There’s an inevitability when it comes to osteoarthritis claiming residence within your knees. The wear-and-tear of daily life simply chews away at the shock-absorbing cartilage in your joints over the years.
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Even the toughest body parts eventually wear out, it seems. That’s just a reality.
But a bit of knee creakiness doesn’t mean that you should buy a recliner and kick your legs up, says physical therapist Kari Orlandi, DPT. Think the opposite, in fact, and keep your body moving.
“Inactivity makes knee osteoarthritis worse,” says Dr. Orlandi. “As soon as you stop moving, the joint becomes stiffer and stiffer. Think of it like this: Motion is lotion.”
The key, though, is to apply that “lotion” in a smart way. Here’s how.
What causes osteoarthritis (OA) in the knee?
Before looking at how to manage osteoarthritis in the knee, it’s a good idea to understand how that pain started in the first place with a little anatomy 101.
Rubbery and flexible connective tissue known as articular cartilage covers and sits between bones that meet in your knee. The slippery tissue cushions the joint, serving like a shock absorber as you walk, run, jump and otherwise move around the world.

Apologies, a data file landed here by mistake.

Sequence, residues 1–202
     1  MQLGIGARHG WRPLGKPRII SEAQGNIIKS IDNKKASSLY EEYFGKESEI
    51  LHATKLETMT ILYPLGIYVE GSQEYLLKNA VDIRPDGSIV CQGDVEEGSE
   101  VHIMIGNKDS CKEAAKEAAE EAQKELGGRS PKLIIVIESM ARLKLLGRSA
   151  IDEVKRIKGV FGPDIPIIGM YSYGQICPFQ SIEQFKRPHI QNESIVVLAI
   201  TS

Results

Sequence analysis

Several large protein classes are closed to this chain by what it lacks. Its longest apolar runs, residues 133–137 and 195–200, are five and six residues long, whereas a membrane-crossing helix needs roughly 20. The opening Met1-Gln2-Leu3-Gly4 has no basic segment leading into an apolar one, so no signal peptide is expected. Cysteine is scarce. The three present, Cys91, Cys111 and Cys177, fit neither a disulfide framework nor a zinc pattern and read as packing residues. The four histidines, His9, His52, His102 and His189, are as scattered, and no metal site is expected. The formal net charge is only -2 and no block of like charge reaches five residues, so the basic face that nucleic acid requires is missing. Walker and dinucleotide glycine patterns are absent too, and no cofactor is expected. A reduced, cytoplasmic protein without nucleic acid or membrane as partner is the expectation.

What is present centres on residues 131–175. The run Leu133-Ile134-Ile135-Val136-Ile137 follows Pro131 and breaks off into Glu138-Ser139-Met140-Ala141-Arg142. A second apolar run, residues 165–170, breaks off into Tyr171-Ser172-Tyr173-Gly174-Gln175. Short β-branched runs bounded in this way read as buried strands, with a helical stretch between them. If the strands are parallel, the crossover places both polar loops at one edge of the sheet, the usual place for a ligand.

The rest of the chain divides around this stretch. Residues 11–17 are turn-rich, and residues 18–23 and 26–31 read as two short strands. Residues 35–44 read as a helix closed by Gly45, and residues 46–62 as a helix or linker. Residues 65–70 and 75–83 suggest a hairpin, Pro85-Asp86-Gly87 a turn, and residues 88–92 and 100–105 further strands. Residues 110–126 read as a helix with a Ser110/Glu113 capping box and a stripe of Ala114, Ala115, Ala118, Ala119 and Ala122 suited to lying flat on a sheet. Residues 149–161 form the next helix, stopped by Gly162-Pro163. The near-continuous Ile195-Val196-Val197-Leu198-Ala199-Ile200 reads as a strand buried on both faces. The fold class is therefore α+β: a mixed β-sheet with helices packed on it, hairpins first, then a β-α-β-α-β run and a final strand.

That cartilage takes a beating, though, and small tears naturally develop as the malleable material grows more rigid over time. The articular cartilage in your knee eventually starts to flatten and stiffen like an old chair pad.
And when that cartilage stops absorbing the shock… well, you notice. (Ouch!)
Factors that lead to osteoarthritis in your knee include:
- Aging. (Father Time strikes again.)
- Injury, which can lead to early deterioration.
- Excess weight that puts added strain on your knees. “For every 3 lbs. of weight you have, you put 10 lbs. of pressure on your joints,” notes Dr. Orlandi.
Symptoms of knee osteoarthritis
Osteoarthritis in the knee often introduces itself to you in four basic ways, says Dr. Orlandi. Those symptoms are:
- Pain, which can vary in intensity from dull to sharp. It’ll often spike with more rigorous activity and ease with rest, ice and anti-inflammatory medications.
- Stiffness in the joint, particularly after you’ve been sitting or lying down for longer periods. (Those first achy steps after getting up in the morning, for instance.)
- Loss of flexibility and range of motion.
- Swelling and a warm, burning sensation — usually a sign of more advanced arthritis.
Making a fitness plan with OA
First, some bad news: You’re not going to exercise arthritis out of your knee.